Bishop and Christian*, December 2011

Advent, which means “coming,” is a time of patient waiting and watching. These are not things at which we are very good. We do not like to wait, so we put it on credit. We do not like to wait until tomorrow (or on December 25) to do what we can do today. We have no sense of the slow building of momentum and expectation that the Church has given us with the season of Advent. We will not wait: we turn up the volume to 11 on the carols as soon as Thanksgiving is over (if we can wait even that long). I know that many people do not see the point of Advent, or its putting-off of Christmas until the actual Mass of Christ and its Twelve Days. We have trouble doing things differently than the world around us does them. We all have our Christmas parties in December, and as soon as December 26 comes, we are more than ready to be done with anything green and red. We get ourselves “into the Christmas spirit” as soon as the advertisements and stores instruct us to do so.

But there are some things we cannot force. We cannot force ourselves to be happy and “Christmasy” if we find ourselves in any of the myriad disasters or difficulties living in a world of sin can bring about. Death and sickness, all the consequences of sin in our lives and the lives of others, do not lend themselves to the superficial “joy” plastered over every inch of our consumer and commercial culture. Unmet expectations are the order of the day, and unless we realize that it will always be that way in a world of sin, we will continue to be disappointed. Advent gives us hope—actual, real-live hope—in the midst of this world the way that it is, rather than the way we wish it were. Advent gives us hope when we celebrate the first Christmas after a death in the family. Advent gives us hope when we celebrate the first Christmas after a divorce. Advent gives us hope when nothing goes according to plan, and our facade of control—especially over our own lives—is torn from its hastily constructed frame. Advent gives us this hope because it gives us the One for whom it is named: the Coming One. It gives us, as every season of the Church Year does, Jesus Himself. Without Advent, Christmas is reduced to a single day of feasting and family and some generic “spirit of giving.” It is Advent that makes sure we know and expect the Christ in the Christ-mass.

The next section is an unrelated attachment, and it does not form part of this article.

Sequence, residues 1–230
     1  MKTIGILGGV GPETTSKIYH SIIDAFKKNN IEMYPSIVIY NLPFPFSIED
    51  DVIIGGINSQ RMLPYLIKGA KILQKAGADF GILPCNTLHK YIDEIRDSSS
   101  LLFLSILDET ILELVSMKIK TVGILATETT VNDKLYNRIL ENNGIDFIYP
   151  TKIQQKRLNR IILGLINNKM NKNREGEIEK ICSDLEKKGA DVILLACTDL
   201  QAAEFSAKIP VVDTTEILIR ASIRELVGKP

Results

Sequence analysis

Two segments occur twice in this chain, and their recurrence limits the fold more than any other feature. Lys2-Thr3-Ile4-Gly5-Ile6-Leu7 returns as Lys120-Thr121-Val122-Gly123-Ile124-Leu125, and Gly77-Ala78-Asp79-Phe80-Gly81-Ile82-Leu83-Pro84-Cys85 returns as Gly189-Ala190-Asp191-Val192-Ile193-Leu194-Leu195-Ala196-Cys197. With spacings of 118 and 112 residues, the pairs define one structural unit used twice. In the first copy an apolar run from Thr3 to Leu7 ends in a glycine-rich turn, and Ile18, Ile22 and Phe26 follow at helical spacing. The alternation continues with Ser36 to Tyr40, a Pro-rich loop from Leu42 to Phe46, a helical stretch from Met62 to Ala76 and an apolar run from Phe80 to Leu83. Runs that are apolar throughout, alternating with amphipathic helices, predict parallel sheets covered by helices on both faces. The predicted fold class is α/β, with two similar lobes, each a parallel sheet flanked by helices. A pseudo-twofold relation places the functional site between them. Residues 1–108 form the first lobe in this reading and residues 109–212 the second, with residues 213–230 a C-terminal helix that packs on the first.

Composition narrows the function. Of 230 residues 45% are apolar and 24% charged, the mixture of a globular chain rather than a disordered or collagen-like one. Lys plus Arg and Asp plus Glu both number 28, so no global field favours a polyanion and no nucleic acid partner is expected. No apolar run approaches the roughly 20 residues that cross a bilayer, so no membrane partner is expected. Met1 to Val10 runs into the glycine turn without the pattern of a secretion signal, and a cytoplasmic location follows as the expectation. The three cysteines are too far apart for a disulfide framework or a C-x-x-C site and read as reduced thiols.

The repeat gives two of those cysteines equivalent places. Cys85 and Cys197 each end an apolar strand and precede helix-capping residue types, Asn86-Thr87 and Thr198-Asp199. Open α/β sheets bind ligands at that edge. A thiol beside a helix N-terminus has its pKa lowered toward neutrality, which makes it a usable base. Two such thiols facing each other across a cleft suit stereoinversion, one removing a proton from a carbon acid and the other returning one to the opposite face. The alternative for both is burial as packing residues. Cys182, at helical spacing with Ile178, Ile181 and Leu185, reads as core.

Christians keep observing Advent, even if the world has absolutely no conception of waiting or watching or hoping or longing. Christians keep observing Advent because we know that the Christ whose birth we will celebrate is the same Christ who will come again, no longer humble and hidden, but glorious and majestic. The same angels who proclaimed His birth will proclaim Him as Judge of the living and the dead. Advent is the season that teaches us to wait in confident hope for that second coming, even as we celebrate His first coming to accomplish our salvation by suffering and death.

So don’t hurry through this season. Stand a moment with the crowds as your King enters Jerusalem on a donkey. Stay a while in the wilderness with John. Hear the angel Gabriel speak to a Virgin about the One who would save His people from their sins. And learn from all of these what it means to wait and watch and live in this world: a world which, because it does not know Advent, does not know Christmas. This is as C.S. Lewis described Narnia before the coming of the King: “always Winter, and never Christmas.”

Pr. Winterstein


*St. Augustine (354-430 AD), Bishop of Hippo in North Africa, said, “For you I am a bishop [overseer]; with you I am a Christian.”


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